Click below to learn more:
University – What can I study?
You can study many forms of engineering at university – as well as the generic engineering course which allows you to specialise as you progress, you can choose from chemical engineering, mechanical engineering, electronic engineering, aerospace or aeronautical engineering, and others.
What are the entry requirements?
To study engineering at university, you’ll need to have an A-level in maths, and at least one other STEM subject, with some unis specifying physics. You should of course find out what subjects are required for your specific branch of engineering – for example, chemical engineers will be expected to have a chemistry A-level/equivalent.
To learn about working in Engineering, take a look at Tomorrow’s Engineers, click here.
The Institute of Civil Engineers could also provide advice, click here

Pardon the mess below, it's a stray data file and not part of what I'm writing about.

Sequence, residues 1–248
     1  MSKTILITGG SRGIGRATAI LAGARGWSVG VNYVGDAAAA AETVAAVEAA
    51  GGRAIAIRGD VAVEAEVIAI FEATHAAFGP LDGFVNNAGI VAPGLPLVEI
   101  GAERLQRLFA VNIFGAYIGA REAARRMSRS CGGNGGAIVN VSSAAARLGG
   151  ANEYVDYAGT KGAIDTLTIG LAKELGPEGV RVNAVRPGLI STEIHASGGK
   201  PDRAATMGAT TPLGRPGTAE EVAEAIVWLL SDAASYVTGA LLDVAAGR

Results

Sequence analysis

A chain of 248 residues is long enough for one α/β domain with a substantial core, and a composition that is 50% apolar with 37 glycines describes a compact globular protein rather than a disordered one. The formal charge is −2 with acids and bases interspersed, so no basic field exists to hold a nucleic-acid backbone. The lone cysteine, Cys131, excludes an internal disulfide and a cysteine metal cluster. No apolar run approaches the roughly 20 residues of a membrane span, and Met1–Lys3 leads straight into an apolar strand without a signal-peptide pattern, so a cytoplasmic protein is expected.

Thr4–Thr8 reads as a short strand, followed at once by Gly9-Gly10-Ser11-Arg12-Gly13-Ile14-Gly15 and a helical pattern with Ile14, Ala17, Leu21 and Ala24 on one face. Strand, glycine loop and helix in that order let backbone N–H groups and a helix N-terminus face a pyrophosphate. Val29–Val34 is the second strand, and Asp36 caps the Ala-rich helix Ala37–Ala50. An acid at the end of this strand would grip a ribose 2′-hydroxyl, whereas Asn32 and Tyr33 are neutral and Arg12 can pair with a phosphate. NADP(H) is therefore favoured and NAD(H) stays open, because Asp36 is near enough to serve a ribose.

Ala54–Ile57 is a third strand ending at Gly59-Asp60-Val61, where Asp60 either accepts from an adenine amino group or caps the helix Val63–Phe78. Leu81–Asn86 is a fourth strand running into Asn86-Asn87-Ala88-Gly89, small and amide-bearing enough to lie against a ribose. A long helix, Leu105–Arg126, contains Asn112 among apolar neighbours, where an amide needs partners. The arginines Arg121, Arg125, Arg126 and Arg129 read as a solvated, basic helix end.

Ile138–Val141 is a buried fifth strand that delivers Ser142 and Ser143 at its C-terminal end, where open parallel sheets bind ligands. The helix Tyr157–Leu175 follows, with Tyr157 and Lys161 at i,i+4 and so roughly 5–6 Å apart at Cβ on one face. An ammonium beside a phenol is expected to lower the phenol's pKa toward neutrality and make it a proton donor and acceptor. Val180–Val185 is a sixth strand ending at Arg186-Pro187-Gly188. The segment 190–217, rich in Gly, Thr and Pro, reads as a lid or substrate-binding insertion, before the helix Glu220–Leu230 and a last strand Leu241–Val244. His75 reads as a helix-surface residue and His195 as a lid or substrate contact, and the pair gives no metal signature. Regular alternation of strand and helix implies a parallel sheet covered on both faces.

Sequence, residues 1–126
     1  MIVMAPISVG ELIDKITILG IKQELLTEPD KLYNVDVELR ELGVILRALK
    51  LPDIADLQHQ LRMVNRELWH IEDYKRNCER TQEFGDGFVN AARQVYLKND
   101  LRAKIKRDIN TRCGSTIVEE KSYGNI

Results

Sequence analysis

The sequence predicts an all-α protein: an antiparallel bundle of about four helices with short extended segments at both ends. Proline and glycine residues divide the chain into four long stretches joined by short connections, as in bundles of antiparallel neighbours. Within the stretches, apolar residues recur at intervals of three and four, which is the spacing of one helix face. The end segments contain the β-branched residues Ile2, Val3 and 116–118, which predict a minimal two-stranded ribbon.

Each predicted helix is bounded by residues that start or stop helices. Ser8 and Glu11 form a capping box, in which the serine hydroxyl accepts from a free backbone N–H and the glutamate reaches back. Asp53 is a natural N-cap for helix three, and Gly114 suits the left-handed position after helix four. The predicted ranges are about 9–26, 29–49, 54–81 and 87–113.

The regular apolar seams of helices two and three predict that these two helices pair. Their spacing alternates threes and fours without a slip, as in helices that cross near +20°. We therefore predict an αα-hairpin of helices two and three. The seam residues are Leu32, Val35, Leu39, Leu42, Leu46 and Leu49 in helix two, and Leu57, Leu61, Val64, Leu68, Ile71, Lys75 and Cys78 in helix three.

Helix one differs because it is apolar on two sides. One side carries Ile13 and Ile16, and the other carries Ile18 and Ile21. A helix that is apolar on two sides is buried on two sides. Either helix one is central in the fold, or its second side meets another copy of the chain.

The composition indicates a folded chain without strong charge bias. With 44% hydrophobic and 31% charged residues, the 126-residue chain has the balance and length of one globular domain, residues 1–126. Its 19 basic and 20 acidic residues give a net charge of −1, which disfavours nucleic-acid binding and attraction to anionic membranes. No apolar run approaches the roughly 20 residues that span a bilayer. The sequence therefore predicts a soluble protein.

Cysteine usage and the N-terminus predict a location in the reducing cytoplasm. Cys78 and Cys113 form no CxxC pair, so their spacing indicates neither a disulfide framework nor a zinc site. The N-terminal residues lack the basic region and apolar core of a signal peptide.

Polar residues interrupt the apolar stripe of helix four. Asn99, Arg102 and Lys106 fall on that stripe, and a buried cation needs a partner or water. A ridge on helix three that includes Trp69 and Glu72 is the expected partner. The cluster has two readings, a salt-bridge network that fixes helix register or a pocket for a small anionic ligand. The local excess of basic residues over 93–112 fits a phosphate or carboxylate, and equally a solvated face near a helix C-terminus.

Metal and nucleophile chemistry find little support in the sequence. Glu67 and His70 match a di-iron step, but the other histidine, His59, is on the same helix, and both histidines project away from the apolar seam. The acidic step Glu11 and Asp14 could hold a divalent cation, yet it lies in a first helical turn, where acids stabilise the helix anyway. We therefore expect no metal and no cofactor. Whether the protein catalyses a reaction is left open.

Here are the UCAS pages here Read more about working in the industry from the Institution of Engineering and Technology, here plus the Engineering Council here You can find information on mechanical engineering from The Institution of Mechanical Engineers, click here
This is Engineering
This is Engineering has a wealth of information from fashion and beauty in engineering to film and tv, sport and space. There are also video links where you can hear from young engineers in their roles. Click here
Although a scientific academy, The Royal Society hosts lectures, competitions, exhibitions and festivals bringing cutting-edge science to the public. More information here
A visit to the annual Cambridge Science Festival taking place in March each year must not be missed. Click here